It takes time to become a great triathlete, but maybe not as much time as you think. Top triathlon coaches Rob Griffiths, Ralph Hydes and Paul Ryman show you how to get fit this lunchtime

How much time do you have to train? The answer is probably, “Not enough!” When you have a busy job, family, and lots of Triathlon training in your lunch breakother demands on your time, it’s difficult to make space to fit in the training that will give you the result you want.

Having a limited time to train means we have to get the most out of every minute of every session to produce the most effective results. Most triathletes, including the pros, use volume as a key measure of how much training we are doing. As time-pressured athletes we have to limit our volume, as we don’t have the luxury of hours to play with. This creates its own challenges, as developing our endurance base and becoming efficient at using fat for fuel takes training time. however, if we are smart and periodise our training into blocks of specific work throughout the year, we can minimise the downside of these effects.

Rob Griffiths’ Top Tips for Time-Challenged Athletes


Don’t waste time guessing, find out your key training  numbers (eg heart-rate zones). TrainingBible UK offers testing to help you do this.


Either design one if you can, or get a plan from a coach. It saves time and you can fit it around your daily life without wasting time thinking about what session to do.


80% of your fitness comes from 20% of your sessions. Hard intervals make the biggest impact


Become a master of economy by becoming technically super-smooth.


If your focus is on improved performance, make sure you are at your race weight. This is one factor you can control that will make a big difference to your performance.

Now for some good, hard sessions to get stuck into this lunchtime…

It is possible to make useful fitness gains in the short space of a lunch break. Coaches Ralph Hydes and Paul Ryman give 15 hard training sessions in the latest issue of Triathlon Plus: here are five to try:

1. Swim Session for Speed

Squeezing a fantastic speed session in your lunch hour is very rewarding. Warm up with 200m easy front crawl; 6 x 50m with 15secs recovery after each rep. Then for the main set, do as many 100m reps as you can within your limited tiem – this will depend on your own speed. So go for 100m hard efforts working at 8/10 work rate with 30secs’ recovery in between each 100m. Allow yourself a 200m warm down.

2. Build-up run

Focus on running form and technique while completing this session. This workout will improve your leg cadence and running speed. Remember the intervals are not max efforts. Warm up with 5mins walk into 5 mins progressive jog, gradually building the heart rate. For the main set: do 5x50m bursts with 50m recovery between each one. Your main set is 20mins consisting of 10 reps, each 90secs effort with 30secs super-slow jog recovery. For reps 1-3 stay at a work rate of 6/10; 4-8 work rate 7/10; 8-10 work rate 8/10. Do 5mins warm down and have a stretch to finish.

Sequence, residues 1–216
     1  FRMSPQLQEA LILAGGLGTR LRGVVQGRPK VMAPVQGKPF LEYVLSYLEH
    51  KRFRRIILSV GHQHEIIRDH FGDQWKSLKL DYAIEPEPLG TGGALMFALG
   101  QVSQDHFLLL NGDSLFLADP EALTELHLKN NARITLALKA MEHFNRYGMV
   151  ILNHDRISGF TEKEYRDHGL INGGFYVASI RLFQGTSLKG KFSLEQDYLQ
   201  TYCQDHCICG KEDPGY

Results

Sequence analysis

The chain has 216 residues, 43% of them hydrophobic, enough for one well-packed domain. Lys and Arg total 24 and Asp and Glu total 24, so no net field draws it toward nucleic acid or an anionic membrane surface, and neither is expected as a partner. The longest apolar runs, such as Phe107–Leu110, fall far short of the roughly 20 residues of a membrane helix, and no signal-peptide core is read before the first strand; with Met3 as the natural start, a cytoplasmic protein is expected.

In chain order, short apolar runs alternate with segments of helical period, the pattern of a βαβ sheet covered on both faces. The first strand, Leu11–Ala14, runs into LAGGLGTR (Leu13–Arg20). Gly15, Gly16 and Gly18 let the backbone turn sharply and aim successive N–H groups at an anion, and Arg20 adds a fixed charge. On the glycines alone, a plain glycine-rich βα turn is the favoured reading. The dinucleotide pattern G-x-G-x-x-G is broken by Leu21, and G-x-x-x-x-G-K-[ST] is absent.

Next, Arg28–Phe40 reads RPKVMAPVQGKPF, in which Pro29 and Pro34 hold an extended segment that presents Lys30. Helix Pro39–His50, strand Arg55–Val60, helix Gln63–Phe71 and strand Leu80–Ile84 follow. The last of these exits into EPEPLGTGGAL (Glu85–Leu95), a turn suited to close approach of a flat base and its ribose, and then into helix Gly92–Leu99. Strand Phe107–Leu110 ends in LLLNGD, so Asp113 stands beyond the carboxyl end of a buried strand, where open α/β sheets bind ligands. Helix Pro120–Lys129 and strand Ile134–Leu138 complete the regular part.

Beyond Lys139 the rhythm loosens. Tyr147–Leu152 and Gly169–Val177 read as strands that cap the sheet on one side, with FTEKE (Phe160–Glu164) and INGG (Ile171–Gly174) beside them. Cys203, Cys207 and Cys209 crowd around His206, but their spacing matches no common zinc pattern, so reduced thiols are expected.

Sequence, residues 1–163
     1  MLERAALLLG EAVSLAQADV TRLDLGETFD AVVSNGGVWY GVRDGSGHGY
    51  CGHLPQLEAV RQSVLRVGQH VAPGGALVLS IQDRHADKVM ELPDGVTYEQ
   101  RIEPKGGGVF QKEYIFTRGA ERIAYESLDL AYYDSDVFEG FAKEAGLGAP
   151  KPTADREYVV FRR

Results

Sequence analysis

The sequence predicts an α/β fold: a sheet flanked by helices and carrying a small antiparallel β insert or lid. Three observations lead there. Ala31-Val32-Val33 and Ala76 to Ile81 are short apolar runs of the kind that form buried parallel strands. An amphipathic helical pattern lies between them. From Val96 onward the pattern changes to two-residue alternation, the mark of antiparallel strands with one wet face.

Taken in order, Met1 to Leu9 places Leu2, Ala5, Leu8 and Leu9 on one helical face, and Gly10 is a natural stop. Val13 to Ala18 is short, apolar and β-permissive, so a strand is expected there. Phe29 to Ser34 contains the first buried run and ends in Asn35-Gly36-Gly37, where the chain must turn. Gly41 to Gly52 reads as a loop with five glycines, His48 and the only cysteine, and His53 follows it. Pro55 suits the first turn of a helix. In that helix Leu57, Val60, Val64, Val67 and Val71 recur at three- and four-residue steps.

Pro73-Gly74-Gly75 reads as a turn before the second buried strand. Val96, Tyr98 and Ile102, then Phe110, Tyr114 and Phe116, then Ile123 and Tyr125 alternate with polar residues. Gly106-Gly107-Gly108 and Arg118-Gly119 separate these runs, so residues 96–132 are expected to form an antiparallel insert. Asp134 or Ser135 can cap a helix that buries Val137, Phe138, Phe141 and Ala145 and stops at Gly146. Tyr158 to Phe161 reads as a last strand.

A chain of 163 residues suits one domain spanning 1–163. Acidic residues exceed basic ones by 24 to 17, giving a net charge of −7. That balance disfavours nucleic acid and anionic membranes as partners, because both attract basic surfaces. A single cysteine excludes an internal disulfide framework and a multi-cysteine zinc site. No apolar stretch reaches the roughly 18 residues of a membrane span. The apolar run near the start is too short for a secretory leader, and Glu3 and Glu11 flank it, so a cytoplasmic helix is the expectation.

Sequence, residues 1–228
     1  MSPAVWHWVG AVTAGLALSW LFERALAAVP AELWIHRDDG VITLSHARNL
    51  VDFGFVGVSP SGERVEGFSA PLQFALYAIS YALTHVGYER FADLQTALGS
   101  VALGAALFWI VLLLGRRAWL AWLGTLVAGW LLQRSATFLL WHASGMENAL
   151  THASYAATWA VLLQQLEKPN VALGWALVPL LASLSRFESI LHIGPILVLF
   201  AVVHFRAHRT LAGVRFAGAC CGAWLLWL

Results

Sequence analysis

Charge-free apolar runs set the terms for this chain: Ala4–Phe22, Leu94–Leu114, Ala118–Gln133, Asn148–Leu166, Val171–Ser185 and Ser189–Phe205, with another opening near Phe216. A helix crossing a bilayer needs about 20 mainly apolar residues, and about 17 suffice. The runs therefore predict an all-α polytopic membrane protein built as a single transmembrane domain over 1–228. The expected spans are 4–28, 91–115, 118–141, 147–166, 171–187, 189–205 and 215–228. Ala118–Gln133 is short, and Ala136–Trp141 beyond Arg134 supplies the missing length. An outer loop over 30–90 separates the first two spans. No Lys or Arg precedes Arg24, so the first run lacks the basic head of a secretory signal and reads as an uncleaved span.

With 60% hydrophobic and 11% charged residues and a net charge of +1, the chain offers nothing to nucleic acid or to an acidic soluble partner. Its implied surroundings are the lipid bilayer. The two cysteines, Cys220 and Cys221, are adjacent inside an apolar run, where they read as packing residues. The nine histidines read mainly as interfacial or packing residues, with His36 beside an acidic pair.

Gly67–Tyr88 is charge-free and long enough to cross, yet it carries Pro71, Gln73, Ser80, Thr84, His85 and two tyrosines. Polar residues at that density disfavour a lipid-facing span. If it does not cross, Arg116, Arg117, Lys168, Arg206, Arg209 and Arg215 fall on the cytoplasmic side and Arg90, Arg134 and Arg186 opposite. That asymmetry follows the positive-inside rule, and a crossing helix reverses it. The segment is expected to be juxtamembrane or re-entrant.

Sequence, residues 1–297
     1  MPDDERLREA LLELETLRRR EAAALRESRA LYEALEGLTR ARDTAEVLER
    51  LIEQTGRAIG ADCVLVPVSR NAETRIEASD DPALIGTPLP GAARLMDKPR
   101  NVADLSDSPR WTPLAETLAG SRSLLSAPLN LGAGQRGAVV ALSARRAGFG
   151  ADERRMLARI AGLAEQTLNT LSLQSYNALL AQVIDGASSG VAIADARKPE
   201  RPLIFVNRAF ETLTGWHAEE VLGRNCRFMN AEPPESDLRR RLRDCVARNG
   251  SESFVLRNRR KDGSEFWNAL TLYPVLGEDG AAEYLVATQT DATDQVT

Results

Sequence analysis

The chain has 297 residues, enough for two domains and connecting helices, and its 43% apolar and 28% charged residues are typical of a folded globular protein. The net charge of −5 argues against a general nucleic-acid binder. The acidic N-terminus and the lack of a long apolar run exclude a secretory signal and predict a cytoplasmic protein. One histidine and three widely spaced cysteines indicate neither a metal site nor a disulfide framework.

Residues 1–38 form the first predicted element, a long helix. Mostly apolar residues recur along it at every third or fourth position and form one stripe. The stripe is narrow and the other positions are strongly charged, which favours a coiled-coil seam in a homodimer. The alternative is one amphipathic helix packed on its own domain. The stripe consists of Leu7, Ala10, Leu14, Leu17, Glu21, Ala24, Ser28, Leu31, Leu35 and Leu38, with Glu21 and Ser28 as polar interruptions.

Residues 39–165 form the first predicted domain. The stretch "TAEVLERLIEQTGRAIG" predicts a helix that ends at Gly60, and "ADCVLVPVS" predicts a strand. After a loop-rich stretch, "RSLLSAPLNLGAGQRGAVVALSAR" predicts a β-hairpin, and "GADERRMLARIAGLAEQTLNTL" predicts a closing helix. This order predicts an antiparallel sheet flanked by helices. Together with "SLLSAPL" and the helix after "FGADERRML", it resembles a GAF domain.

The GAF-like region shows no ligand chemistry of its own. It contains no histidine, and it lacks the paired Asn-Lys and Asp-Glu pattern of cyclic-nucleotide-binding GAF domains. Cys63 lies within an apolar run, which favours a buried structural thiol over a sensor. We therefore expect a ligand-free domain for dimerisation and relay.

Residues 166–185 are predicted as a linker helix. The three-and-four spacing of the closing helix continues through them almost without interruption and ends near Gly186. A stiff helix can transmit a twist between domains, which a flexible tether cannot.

3. Strength circuits

Conditioning in the gym is very important; try this workout to stay strong fo rtriathlon. do 5mins warm-up on a spin bike, then 5mins as 30secs hard/30 secs very easy. Then repeat the circuit below as much as you can in 30mins: 1. Body squats, arms out straight. 2. Wide press-ups x 20. 3. Pull-ups with wide grip x 10 – ouch! 4. Step-ups on to a bench x 20. 5. 800m run on a treadmill at 4% incline. 6. Alternate lunges x 20. 7. Plank – 30secs. 8. Back extensions, ahnds on your bottom whith your chin tucked in and eyes down x 30. 9. Ab cruches with a medicine ball x 20. 10. Side plank left – 30secs. 11. Side plank right – 30 secs. 12. Back extensions – hands either side of your head with your elbows off the floor, chin tucked in and eyes down x 20. Finish with 5-10mins warm down on spin bike and complete a stretch session. Hold all stretches for 45 secs.

4. Race pace run

A good threshold session is to run at your race pace for 1km; allow 90secs recovery and then repeat. (Make sure you warm up before this session with 10mins easy jogging and some ‘strides’.) Aim to do 4 to 8. When you can’t maintain your race pace any more, then it’s time to stop.

5. Gym brick

This session is best done in a gym where you have access to a treadmill and stationary bike. After your warm-up, start with a bike of 10 minutes at 80% effort, maintaining a cadence of 95rpm or faster. Then jump off and on to the treadmill for 10mins. (Remember your bike heart rate is about 8bpm less than your run heart rate – therefore you’ll have different heart-rate values for the bike and the run.) After you’ve completed the run, repeat the sequence, pushing up to 85% if you feel good.

Read the full article in Issue 20 of Triathlon Plus magazine, on sale today (UK only). You can buy it here and never miss an issue by subscribing here!